While our hero is physically growing up, he’s essentially hiding out with his shame, marginalizing and down-sizing his life to entail a happy-go-lucky smallness. During this time his family and society are being overrun by ineptitude and greed, and their land-base is being destroyed. When we don’t, or can’t show up in our power, bad stuff happens.

How many of us can resonate with this tale of familial and cultural abuse? What were the stories that we told ourselves? Some of mine were to strive to succeed without knowing who I really was or what I wanted. Becoming “the good boy” was my way of dealing with familial mental illness and the destructive elements of this. But it seemed as though I was on autopilot. Certainly many of my inherent aptitudes blessed me with a fledgling sense of self, but these didn’t appease my inner angst-filled, yet otherwise emotionless life and definitely did not lead to a love that I could feel.

As the emerging “masculine” is downsized and relegated to mediocrity, the “feminine” is left alone to deal with the tragedies of the other pole—an abusive, un-evolved masculine. Seems an awful lot like our culture, doesn’t it? We are witnessing and experiencing a masculinity that is a pale shadow of what it could be. In lieu of a healthy functional masculinity we have corporate sponsored environmental destruction, criminal behavior and greed, Wall St. swindles, hoarding, consumerism, power-over domination, war, absentee fathers, domestic violence and addiction. Not a pretty picture.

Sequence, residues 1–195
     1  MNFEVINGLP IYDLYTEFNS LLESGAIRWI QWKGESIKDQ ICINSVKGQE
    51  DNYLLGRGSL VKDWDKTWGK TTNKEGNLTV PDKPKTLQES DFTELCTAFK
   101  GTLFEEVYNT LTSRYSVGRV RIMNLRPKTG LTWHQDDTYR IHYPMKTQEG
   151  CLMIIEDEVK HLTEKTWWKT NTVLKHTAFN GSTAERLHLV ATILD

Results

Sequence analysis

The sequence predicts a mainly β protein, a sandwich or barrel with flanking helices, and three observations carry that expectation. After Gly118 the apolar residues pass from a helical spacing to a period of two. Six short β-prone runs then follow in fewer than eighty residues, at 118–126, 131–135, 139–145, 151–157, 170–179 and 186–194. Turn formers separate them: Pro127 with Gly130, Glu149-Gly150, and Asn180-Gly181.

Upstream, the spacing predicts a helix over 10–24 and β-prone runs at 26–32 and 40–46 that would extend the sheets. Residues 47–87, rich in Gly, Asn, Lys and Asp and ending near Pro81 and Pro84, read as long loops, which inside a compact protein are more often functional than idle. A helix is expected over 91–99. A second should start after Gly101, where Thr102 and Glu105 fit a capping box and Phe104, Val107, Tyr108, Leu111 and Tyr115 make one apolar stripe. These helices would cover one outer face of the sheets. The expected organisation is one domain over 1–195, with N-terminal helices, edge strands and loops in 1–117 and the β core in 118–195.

Certainly men are paying a price for this within their psyches—but it is women who are being decimated and brutalized. Unheard, starving, and deeply distraught, Nala, our heroine, goes off alone to find sustenance for her tribe—courageously tackling more than she should have to. She has taken all that she can from the abuser and now ventures forth as a final resort. How many women have issued the demand, “it is time TO GROW UP”? Or have had to go it alone, or remained children themselves, or have bravely banded together to create a new society? And how many men have just walked away?